Zoe Tennyson, one of the organisers said they were delighted with the response from schools who ran a qualifying quiz as part of World Book Day. On Saturday Bandon Town Hall will be transformed into Hogwarts Great Hall, with proceeds going Bandon Playground Group, and to cover costs of the event.

Bandon Books will be rewarding the winning team with vouchers to each of the five members. The Bandon Banshee, or Bean-sidhe na Bandaan Perpetual Cup will be hotly contested – but which school will the Banshee go to??

If you have any questions please call Marguerite McQuaid on 087 900 9494
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Ballineen Foróige Young Engineers Exhibition 23 February 2018

The inaugural Ballineen Foróige Young Engineers Exhibition will take place in Gort Mhuire Hall in Ballineen this Friday 23rd February. As part of Engineers Week 2018, leaders and members of Ballineen Foróige Club have organised an exhibition which will showcase a diverse and exciting range of engineering projects that have been undertaken by members of the club over the last few weeks, with the aid of leaders and a number of local engineers.

With the aid of local pharmaceutical company Eli Lilly, along with the support of STEAM Education, a UCC based company focused on promoting science, technology, engineering, arts, and maths subjects in primary schools, Ballineen Foróige has been engaging members and leaders in all things engineering over the last six weeks. From researching, designing, and prototyping a project based on local problems, to participating in various workshops on coding and careers in engineering, Ballineen Foróige have been extremely busy in preparation for the exhibition this coming Friday night.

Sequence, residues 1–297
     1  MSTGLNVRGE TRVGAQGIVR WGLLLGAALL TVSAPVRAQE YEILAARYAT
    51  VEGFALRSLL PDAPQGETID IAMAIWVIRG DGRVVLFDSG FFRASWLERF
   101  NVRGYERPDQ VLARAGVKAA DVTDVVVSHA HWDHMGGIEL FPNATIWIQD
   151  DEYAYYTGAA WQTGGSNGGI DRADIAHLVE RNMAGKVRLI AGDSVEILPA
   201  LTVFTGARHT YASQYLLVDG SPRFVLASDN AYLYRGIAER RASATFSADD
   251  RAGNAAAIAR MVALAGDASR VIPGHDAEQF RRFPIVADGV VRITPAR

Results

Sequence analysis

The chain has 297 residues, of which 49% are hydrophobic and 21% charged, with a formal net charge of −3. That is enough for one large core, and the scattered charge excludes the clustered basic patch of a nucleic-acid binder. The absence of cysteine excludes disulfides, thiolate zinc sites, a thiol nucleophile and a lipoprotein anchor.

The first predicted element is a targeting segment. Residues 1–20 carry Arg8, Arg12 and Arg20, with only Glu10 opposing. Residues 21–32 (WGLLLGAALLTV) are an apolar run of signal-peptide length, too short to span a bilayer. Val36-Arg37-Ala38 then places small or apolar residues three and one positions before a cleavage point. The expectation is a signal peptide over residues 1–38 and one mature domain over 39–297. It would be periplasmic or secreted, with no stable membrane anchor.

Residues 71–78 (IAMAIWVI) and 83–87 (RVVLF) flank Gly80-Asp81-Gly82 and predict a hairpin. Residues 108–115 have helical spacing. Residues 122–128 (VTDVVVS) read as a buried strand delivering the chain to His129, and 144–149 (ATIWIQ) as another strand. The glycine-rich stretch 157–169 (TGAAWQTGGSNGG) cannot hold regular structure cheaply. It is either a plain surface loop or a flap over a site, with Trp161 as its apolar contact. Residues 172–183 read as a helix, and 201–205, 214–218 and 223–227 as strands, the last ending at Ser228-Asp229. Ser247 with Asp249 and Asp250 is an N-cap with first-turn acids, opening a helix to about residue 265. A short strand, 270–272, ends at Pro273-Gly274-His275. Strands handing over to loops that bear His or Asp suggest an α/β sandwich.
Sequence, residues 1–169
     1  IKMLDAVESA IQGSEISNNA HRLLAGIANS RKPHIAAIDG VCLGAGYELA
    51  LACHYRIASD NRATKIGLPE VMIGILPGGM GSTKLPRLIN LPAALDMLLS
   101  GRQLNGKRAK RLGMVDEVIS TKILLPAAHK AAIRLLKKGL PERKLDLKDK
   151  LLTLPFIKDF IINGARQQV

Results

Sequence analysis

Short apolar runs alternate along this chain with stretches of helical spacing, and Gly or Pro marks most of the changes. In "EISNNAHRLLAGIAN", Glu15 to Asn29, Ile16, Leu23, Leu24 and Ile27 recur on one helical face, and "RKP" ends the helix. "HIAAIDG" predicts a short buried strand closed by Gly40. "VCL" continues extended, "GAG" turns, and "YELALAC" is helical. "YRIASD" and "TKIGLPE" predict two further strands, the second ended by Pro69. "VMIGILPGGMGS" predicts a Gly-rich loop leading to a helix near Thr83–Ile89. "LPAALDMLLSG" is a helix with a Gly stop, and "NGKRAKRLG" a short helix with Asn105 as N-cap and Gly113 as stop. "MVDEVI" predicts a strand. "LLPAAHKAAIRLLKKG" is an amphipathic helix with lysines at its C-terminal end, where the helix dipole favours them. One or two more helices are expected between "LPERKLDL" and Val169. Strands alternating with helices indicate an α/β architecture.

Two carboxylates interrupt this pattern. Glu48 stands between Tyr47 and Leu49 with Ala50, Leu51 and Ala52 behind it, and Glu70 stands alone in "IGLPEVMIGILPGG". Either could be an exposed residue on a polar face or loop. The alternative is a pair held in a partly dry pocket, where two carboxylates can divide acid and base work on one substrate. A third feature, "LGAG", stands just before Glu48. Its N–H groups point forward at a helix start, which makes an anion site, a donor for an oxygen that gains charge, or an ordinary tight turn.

On the night itself, Michael Loftus, Head of Engineering at CIT, Fintan Goold, Manager at Eli Lilly and All-Ireland Cork winning Footballer, along with Geraldine Coughlan of GCA Architects & Designers, a local business, will act as judges on the night, evaluating the different engineering projects and offering some advice to the members of the club. Also in attendance will be the CEO of Foróige Seán Campbell, along with a number of local councillors, TD’s and Senators.

Leading the team of Ballineen Foróige leaders organising the event, is Rebecca Dwyer, a bioprocess engineer at Eli Lilly. Rebecca recently became a leader in the club and says that Ballineen Foróige Young Engineer Exhibition 2018 “promises to be a fun, challenging and rewarding experience for all involved and we look forward to welcoming parents, relatives, friends and members of the public to the exhibition and film screening on the evening of Friday 23rd February.” Overall, there are twelve projects entered in the exhibition. One project, led by Cian Kennefick and Charlie Nolan, members of the starting out club, examines the possibility of installing speed ramps on the road near local primary school. Fourteen-year-old Charlie says he got involved in the project as it was something to do and it gets you thinking. Cian says the most exciting part of the project was the building of the prototypes.

Both Cian and Charlie, along with thirty other members of the club will display their projects this coming Friday 23 February in Gort Mhuire Hall in Ballineen. Doors open at 8pm and the event runs until 10pm. All are welcome to attend, and admission is free. Catering, including tea and coffee, will be provided on the night.